Children of the Good Life
Well-off couples face choices on issues from prenatal testing to child care
IT is early evening. In the living room of a beige stucco house, nine-month-old Sarah Weiss is hugging an oversized stuffed camel near the fireplace. She smiles at her mother, who is behind her on the floor, then crawls across the room to the sofa, where her father is sitting. He picks her up and she smiles again. It is time for a bottle, and then bed. For Sarah's parents, this cozy domestic scene would have been hard to imagine a few years ago. Her father, Ron Weiss, admits he had long been ``very skeptical'' about having a family. ``The future for children just seemed awfully bleak, politically and environmentally,'' he says, adding that his outlook changed when his daughter was born.Skip to next paragraph
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Similarly, Sarah's mother, Susan Eilertsen, spent 10 years pursuing a career as a book publicist in New York. ``I had a very, very exciting life there,'' she says.
But three years ago the glamour faded, and Ms. Eilertsen moved back to her native Minneapolis to start her own public relations business. She and Mr. Weiss, a lab manager for an audio visual company, were married in 1987.
``I was 37 and Ron was 40 when Sarah was born,'' Eilertsen explains. ``She's the most interesting thing that's ever happened to me in my life.''
Although most women still give birth for the first time in their 20s, the percentage of those, like Eilertsen, who nurture careers first and then nurture babies after 30 has increased fourfold since 1970. Well-educated and affluent, they find later parenthood producing dramatic changes not only in their own lives but also in the broader patterns of late-20th-century childbearing and child-rearing.
Unlike teenagers and low-income women, whose pregnancies are often random occurrences, upscale parents-to-be specialize in planning. The operative word is control, which may begin with an at-home ``ovulation predictor test'' that promises, ``Whether you want to plan for a winter, spring, summer, or fall baby, the 10-minute ... test just made it easier.''
Once a pregnancy is under way, the attentive mother-to-be will average 13 prenatal visits - five more than a healthy woman needs, according to new guidelines issued by the US Public Health Service. She will read books and magazines on ``parenting.'' She may even call special hotlines for advice on nutrition and breast-feeding.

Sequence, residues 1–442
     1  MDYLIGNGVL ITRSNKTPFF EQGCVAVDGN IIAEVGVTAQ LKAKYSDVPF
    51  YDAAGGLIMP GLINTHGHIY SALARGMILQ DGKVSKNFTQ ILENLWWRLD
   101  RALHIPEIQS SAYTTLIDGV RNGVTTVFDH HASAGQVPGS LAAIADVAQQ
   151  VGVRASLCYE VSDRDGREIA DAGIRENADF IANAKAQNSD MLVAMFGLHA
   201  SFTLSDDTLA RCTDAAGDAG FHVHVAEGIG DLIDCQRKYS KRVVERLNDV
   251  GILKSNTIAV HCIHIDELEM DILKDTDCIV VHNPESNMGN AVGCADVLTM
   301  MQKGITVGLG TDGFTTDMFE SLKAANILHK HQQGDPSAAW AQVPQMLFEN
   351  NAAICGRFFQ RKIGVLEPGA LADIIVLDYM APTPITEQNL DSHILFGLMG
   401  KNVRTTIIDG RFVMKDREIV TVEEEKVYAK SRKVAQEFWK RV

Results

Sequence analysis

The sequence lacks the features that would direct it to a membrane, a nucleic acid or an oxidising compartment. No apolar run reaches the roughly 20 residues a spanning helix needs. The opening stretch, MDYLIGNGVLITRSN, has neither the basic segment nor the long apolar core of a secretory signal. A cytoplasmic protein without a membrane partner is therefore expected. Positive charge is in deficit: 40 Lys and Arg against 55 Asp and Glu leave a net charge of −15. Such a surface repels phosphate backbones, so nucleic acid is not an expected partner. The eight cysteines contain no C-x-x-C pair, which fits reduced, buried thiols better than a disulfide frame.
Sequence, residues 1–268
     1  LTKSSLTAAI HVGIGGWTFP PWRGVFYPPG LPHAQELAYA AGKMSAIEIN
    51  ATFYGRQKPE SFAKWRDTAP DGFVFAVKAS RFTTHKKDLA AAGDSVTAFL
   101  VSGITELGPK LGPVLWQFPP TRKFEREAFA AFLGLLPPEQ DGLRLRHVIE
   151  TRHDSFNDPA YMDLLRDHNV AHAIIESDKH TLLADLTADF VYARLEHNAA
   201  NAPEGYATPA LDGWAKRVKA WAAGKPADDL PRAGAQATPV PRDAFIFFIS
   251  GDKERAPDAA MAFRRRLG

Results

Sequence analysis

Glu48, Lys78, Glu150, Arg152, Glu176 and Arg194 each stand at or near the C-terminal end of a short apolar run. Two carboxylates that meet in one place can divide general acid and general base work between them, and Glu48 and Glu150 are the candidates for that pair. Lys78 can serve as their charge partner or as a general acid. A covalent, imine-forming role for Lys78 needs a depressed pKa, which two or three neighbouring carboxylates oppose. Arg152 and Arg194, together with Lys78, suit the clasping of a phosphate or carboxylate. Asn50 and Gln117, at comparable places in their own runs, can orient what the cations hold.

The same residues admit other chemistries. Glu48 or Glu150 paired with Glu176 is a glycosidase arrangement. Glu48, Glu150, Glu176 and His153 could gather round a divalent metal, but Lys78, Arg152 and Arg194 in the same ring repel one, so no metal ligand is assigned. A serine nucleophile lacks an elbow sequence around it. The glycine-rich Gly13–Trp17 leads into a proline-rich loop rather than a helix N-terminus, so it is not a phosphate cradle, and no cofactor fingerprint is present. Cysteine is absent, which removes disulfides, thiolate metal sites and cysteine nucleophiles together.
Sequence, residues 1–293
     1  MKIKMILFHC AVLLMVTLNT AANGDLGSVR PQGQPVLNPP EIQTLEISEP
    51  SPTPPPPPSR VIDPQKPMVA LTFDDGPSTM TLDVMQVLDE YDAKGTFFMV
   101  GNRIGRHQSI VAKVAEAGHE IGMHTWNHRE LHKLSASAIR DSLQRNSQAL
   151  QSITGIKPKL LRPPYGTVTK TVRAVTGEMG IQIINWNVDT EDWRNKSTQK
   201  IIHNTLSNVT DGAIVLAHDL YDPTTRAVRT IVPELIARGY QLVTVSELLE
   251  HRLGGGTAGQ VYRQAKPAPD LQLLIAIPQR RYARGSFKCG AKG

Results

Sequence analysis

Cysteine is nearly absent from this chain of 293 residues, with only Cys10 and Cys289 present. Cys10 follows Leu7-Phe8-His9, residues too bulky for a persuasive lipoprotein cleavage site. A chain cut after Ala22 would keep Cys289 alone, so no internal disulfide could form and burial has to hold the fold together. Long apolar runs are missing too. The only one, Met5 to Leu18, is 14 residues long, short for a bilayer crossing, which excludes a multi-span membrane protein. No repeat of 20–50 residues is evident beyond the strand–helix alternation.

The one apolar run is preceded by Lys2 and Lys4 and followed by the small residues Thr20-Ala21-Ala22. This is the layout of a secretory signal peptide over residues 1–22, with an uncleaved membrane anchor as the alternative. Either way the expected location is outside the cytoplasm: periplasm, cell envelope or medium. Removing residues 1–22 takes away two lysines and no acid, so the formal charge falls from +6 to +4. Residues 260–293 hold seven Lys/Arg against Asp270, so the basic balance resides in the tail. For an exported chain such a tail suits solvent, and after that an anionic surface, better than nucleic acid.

In addition, she and the father-to-be will enroll in courses for expectant parents. At one typical class at Morton Plant Hospital in Clearwater, Fla., nine couples assembled on a Thursday evening to watch videos on infant care and to practice diapering dolls. They also listened attentively as Jean Heath, an obstetrical nurse for 20 years, dispelled myths about perfect parents and model babies.
``Your friends may brag, `My baby sleeps through the night,''' Mrs. Heath told the group. ``But that may be from 11 to 4. You have to redefine what night is.''
Kari Bjorhus, a vice president of a public relations firm in Minneapolis, whose first child, Nicholas, was born last week, sums up the feelings of many career women when she says, ``I didn't know anything about babies. It would be a pretty frightening thing without books and classes.''
When the time comes for the baby's birth, the father-to-be, fresh from coed baby showers and Lamaze coaching, will participate in the delivery, perhaps videotaping the newest family member moments after birth. In some hospitals he will even be permitted to stay overnight with the mother and newborn in a private room decorated to look more like a luxury hotel than a maternity ward.
It sounds like an infant utopia - and for many families it is. Yet with choices come consequences, and despite all their advantages, the mothers and fathers of these silver-spoon babies face decisions their own parents never could have imagined.
One of the first - and most bewildering - involves high-tech prenatal tests that reveal the sex of the fetus and signal possible abnormalities. For some couples, the procedures offer reassurance that the pregnancy is proceeding normally. For others, they necessitate anguished choices about possible medical intervention or abortion.